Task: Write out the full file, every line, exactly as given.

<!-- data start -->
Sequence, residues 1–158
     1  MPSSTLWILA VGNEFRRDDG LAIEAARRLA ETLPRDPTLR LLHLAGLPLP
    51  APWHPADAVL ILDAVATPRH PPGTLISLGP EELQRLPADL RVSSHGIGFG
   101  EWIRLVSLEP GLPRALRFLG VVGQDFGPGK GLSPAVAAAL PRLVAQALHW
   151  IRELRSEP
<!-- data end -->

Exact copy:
Sequence, residues 1–158
     1  MPSSTLWILA VGNEFRRDDG LAIEAARRLA ETLPRDPTLR LLHLAGLPLP
    51  APWHPADAVL ILDAVATPRH PPGTLISLGP EELQRLPADL RVSSHGIGFG
   101  EWIRLVSLEP GLPRALRFLG VVGQDFGPGK GLSPAVAAAL PRLVAQALHW
   151  IRELRSEP